Mike Munchak Enlists Services Of Tunch Ilkin To Work With O-Line This Spring

You may recall recently that I wrote about the need for the offensive line to continue to develop, to take the next step in their evolution, individually and collectively, in order to help take the Pittsburgh Steelers offense to a very good emerging offense to the type of championship-caliber performer that can withstand an average defensive effort.

It would appear that the line has the skill position pieces surrounding them to help facilitate that, with Pro Bowl quarterback Ben Roethlisberger posting some of the best marks of his career, and first-team All-Pros, running back Le’Veon Bell and wide receiver Antonio Brown, rewriting the Steelers’ record books. Heath Miller at tight end also remains a valuable two-way player.

No doubt the improvement of the offensive line last season went a long way toward the aforementioned players helping to redefine individual positional success within Steelers history, with Bell setting a new mark in yards from scrimmage, Roethlisberger blowing past his own yardage and accuracy marks, and Brown setting new team-highs in receptions, receiving yardage, and receiving touchdowns.

That’s all very well and good, but there’s still work to be done. And according to offensive line coach Mike Munchak, former Steelers offensive lineman Tunch Ilkin is the guy that can help him get the most out of his linemen in his second year on the job.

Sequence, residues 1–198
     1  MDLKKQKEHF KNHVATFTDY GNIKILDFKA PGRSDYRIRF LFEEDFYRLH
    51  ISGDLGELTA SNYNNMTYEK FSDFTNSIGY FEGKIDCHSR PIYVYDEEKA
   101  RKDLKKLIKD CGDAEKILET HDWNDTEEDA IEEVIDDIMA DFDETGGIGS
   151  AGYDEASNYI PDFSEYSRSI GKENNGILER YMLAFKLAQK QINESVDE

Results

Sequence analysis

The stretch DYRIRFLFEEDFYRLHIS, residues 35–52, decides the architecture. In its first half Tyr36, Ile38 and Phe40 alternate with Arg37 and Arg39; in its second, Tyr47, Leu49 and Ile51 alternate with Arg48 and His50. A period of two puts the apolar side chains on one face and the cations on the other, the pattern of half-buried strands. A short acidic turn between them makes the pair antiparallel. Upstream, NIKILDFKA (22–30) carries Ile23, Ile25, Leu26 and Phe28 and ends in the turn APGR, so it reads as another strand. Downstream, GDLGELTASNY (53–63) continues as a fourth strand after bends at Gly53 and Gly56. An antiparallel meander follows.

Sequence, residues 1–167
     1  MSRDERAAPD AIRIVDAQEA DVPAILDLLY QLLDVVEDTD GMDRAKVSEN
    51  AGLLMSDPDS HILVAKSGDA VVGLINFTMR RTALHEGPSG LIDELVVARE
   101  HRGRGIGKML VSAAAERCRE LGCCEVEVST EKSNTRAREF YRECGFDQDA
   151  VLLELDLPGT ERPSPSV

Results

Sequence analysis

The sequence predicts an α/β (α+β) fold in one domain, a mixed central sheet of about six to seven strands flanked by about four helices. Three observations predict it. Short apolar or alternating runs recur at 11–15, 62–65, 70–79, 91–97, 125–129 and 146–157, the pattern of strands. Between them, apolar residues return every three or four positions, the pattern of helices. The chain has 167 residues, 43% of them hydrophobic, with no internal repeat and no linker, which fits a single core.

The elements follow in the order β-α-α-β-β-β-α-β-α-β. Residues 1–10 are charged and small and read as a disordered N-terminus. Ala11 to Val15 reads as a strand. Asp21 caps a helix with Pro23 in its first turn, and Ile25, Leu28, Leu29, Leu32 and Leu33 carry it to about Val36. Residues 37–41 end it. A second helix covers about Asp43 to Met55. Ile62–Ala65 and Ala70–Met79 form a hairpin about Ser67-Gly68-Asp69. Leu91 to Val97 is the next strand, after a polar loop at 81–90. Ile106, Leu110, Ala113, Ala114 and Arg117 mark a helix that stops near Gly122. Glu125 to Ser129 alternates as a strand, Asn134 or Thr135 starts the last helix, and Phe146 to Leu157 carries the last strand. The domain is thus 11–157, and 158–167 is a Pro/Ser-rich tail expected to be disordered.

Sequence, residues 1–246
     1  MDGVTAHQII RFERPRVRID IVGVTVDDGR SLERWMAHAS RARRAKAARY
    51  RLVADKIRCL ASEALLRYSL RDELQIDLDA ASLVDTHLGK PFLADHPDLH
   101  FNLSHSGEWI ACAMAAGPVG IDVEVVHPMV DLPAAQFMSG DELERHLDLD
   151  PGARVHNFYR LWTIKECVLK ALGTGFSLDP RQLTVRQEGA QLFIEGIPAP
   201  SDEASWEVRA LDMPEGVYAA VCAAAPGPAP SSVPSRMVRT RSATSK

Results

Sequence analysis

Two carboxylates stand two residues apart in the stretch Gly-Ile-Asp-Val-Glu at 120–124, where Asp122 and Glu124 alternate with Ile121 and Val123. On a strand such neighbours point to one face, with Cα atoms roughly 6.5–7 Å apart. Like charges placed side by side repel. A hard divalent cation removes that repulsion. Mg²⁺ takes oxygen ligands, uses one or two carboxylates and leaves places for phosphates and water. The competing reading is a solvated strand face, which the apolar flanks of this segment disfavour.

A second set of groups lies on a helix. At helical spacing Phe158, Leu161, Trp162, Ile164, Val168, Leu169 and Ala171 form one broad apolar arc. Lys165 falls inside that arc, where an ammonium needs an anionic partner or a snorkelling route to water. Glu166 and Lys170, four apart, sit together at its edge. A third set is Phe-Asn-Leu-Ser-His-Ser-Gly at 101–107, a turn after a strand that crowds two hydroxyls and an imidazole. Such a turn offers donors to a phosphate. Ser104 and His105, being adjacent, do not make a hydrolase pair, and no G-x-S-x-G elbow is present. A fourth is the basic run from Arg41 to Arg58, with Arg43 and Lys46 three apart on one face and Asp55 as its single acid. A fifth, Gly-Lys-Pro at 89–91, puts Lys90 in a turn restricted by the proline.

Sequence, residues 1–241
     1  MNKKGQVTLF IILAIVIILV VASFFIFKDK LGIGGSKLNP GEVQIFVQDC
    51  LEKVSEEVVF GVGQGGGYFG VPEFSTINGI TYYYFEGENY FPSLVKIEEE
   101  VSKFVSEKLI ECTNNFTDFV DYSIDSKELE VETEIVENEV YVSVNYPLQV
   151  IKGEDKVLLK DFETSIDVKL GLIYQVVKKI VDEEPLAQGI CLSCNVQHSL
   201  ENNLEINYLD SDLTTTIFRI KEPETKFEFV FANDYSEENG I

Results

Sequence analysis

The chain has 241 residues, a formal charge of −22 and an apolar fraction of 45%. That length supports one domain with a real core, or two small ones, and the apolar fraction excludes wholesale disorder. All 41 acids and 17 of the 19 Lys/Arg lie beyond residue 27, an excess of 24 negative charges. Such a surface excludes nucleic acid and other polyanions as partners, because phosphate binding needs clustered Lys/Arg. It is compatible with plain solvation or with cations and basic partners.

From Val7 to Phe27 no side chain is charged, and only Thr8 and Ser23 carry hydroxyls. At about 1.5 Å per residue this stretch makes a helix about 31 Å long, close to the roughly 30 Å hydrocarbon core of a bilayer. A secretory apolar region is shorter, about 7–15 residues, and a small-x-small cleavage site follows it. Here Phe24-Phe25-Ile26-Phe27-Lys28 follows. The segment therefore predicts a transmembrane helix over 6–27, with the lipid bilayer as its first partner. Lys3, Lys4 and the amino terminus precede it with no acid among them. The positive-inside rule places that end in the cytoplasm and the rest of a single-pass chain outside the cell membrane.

Locally, Ilkin himself has been considered a potential candidate for the offensive line coach position while it has been vacant a few times in recent years, though it’s unclear whether or not either he or the Steelers ever seriously considered the partnership. Ilkin already does quality work for the team both on the radio and on the Steelers’ website on occasion.

But he has kept his nose to the ground over the years, and has pitched in from time to time. Steelers left tackle Kelvin Beachum has worked with Ilkin on his handwork and technique for the past few offseasons. Ed Bouchette wrote last offseason that Ilkin trained with a martial arts expert during his career to improve his handwork, and that after his career was over, his services were in demand around the league.

A few days back, Bouchette noted in passing at the end of his notebook column that Munchak requested that Ilkin work with the offensive linemen this spring. Both Munchak and Ilkin were regarded as technicians during their careers, and their combined knowledge could go a long way toward making the little improvements in technique that will make a big difference in the long run.

Last season, right tackle Marcus Gilbert made significant strides in his technique work, according to Ilkin, during his first year under Munchak, and continued growth on that front will be key as the line looks to cut down on the number of sacks allowed off the edge from a year ago.

Hopefully Ilkin can also provide some advice about how to stay healthy as well. Gilbert in particular has dealt with chronic injuries throughout whole seasons during his career, which has affected his performance.

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